Stipulated Removal (INA §240(d)) ..................................................................................... 7

Streamlined Removal Processes ................................................................................................ 8

Expedited Removal of Arriving Aliens (INA §235(b)) ....................................................... 8

Expedited Removal of Aliens Convicted of Aggravated Felonies (INA §238) ................... 9

Reinstatement of Removal (INA §241(a)(5)) .................................................................... 10

Alternative Forms of Removal (i.e., Returns)................................................................................ 11

Voluntary Departure (INA §240B) .......................................................................................... 11

Withdraw of Application (INA §235(a)(4)) ............................................................................. 12

Statistics on Removals and Returns ............................................................................................... 12

Aliens Removed and Returned Since 1995 ............................................................................. 12

Removal Statistics Since FY2002 ........................................................................................... 14

Removals by Type ................................................................................................................... 15

OIS Data ............................................................................................................................ 16

ICE Data ............................................................................................................................ 17

Removals by Country .............................................................................................................. 18

Outcomes of Immigration Proceedings ................................................................................... 19

Relief from Removal ..................................................................................................................... 20

Permanent Relief from Removal ............................................................................................. 21

Cancellation of Removal ................................................................................................... 21

Defensive Asylum ............................................................................................................. 22

Adjustment to LPR Status ................................................................................................. 22

Temporary Types of Relief from Removal .............................................................................. 23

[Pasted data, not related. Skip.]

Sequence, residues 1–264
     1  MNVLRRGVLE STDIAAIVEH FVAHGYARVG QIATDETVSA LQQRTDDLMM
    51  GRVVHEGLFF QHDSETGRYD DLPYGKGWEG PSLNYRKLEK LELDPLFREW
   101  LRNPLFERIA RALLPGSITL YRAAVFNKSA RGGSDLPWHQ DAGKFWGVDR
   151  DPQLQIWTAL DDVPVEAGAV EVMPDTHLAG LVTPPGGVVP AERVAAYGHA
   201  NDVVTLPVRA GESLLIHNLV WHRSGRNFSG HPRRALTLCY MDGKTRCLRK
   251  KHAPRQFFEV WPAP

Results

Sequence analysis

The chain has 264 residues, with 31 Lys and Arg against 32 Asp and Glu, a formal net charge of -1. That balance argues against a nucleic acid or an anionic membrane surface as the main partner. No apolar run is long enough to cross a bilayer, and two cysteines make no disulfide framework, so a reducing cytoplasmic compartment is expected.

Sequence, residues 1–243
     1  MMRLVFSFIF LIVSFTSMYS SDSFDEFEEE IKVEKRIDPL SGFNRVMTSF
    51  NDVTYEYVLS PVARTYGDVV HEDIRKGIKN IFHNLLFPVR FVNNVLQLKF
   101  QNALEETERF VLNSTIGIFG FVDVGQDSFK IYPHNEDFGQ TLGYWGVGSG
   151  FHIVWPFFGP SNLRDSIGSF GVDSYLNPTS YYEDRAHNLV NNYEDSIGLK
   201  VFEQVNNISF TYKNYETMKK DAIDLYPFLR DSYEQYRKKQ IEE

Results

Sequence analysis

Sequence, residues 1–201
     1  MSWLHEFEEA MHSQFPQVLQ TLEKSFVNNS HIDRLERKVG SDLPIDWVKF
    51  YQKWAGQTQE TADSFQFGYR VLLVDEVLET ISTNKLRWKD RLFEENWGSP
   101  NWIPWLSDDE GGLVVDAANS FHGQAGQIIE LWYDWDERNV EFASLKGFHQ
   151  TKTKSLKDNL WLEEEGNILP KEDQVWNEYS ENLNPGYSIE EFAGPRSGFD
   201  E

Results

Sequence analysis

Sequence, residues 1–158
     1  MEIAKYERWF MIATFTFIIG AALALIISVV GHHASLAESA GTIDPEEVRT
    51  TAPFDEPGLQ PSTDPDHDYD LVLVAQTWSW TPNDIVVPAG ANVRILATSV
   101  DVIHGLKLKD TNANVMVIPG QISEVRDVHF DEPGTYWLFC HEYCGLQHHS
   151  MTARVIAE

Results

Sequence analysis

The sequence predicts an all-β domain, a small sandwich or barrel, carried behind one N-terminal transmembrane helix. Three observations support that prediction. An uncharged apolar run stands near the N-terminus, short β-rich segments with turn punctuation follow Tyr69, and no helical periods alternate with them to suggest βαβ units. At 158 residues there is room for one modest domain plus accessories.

Withholding of Removal ................................................................................................... 23

Convention Against Torture .............................................................................................. 24

Temporary Protected Status ............................................................................................... 24

Deferred Enforced Departure ............................................................................................ 25

Deferred Action ................................................................................................................. 25

Conclusion ..................................................................................................................................... 26

 

Figures

Figure 1. Removals, Returns, and Border Patrol (BP) Apprehensions .......................................... 13

Figure 2. Removals by Type .......................................................................................................... 16

Figure 3. Removals by Type, as a Percentage of Total Removals ................................................. 17

Figure 4. All Removals: Formal Removals and Returns ............................................................... 18

Figure 5. Removals by Coutry ....................................................................................................... 19

Figure 6. Outcomes of Completed Cases: FY2013 ....................................................................... 20

 

Tables

Table 1. Total Number of Removals: OIS and ICE ....................................................................... 14

Table A-1. Removals by Country .................................................................................................. 27

 

Appendixes

Appendix A. Removals by Country: Top 10 Countries ................................................................. 27

Appendix B. Types of Cancellation of Removal ........................................................................... 28

 

Contacts

Author Contact Information........................................................................................................... 31

 

________________________________________________________________________

This information is provided to subscribers, friends, faculty, students and alumni of the School of Industrial & Labor Relations (ILR). It is a service of the Institute for Workplace Studies (IWS) in New York City. Stuart Basefsky is responsible for the selection of the contents which is intended to keep researchers, companies, workers, and governments aware of the latest information related to ILR disciplines as it becomes available for the purposes of research, understanding and debate. The content does not reflect the opinions or positions of Cornell University, the School of Industrial & Labor Relations, or that of Mr. Basefsky and should not be construed as such. The service is unique in that it provides the original source documentation, via links, behind the news and research of the day. Use of the information provided is unrestricted. However, it is requested that users acknowledge that the information was found via the IWS Documented News Service.

 

 

 

 

 

 

 

 

 




Links to this post:

Create a Link



<< Home

This page is powered by Blogger. Isn't yours?